Branded as the smallest 35mm camera in the world, the Minox 35 stole the title from the venerable Rollei 35, which though only slightly larger than the Minox 35, was notably heavier than the new kid on the block. Smaller than many of the compact 35mm and 110 “Instamatic” point-and-shoot cameras that were available at the time, the Minox 35 held the title as smallest full-frame 35mm camera in the world for 22 years until the limited-production Minolta TC-1 was introduced, in 1996.

Smaller than a pack of unfiltered cigarettes and easy to slip in and out of a shirt or pants pocket, the Minox 35 is about as elegant as pocket cameras come.

Unlike the Rollei 35, which was constructed of metal alloys, the 2-piece body of the Minox 35 was made from fiberglass-reinforced Makrolon, a lighter-weight, black polymer material with an anti-reflective flat-black lacquer outer coating. Aside from the white stenciled “Minox” on the front of the camera, the only other visual break from the camera’s matte-black finish was a bright orange shutter release button situated prominently on the top deck. With few exceptions, the orange shutter button was a signature stylistic cue that appeared on all 30 versions of the Minox 35.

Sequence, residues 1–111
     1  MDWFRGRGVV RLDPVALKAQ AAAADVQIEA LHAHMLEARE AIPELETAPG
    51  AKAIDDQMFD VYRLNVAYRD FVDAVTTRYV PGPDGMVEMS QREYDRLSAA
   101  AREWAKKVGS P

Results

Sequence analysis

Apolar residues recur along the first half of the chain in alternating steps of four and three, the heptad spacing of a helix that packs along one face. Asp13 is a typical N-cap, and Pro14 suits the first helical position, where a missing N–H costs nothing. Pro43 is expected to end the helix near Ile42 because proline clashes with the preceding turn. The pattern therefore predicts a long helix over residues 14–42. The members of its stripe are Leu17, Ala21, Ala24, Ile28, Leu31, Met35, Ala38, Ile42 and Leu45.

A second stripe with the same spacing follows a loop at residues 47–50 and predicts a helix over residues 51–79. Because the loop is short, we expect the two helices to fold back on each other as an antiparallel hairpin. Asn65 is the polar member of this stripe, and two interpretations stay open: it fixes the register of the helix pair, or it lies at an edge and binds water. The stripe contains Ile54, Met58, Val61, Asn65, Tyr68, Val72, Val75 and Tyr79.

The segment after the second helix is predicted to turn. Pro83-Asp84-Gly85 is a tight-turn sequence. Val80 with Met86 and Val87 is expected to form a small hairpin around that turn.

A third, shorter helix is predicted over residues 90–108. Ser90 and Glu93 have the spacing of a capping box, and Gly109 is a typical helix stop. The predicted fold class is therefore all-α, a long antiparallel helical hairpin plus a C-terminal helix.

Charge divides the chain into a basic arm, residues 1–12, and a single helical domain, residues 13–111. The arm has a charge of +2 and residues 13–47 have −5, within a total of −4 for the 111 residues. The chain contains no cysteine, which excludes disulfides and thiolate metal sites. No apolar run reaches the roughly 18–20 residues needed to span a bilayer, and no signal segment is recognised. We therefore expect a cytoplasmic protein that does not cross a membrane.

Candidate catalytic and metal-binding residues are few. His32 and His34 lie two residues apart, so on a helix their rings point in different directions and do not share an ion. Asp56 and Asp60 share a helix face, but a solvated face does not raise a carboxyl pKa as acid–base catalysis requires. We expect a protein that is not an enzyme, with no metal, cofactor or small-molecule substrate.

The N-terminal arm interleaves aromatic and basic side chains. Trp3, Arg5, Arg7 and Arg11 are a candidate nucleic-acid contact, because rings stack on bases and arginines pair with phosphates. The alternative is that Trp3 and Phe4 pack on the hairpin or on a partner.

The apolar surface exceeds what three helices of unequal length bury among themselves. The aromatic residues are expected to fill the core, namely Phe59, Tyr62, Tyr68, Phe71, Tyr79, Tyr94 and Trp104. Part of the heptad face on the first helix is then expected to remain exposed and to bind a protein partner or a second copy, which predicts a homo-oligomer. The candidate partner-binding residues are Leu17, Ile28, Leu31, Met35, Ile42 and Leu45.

An orange shutter button with threads for a cable release became a signature stylistic touch for almost all of the 30 models of Minox 35s that were produced over the course of 22 years.
An orange shutter button with threads for a cable release became a signature stylistic touch for almost all of the 30 models of Minox 35s that were produced over the course of 22 years.

When not in use, the Minox 35 measures 4 x 2.3 x 1.25", which is about the size of a pack of unfiltered cigarettes. It weighs 4.2 ounces. To use the Minox, you lower the hinged, drawbridge-like lens cover that protects the camera’s 35mm f/2.8 Minotar lens when not in use. As you lower the cover, the lens—a 4-element, 3-group Tessar design—slowly slides forth from within the camera body and clicks into position.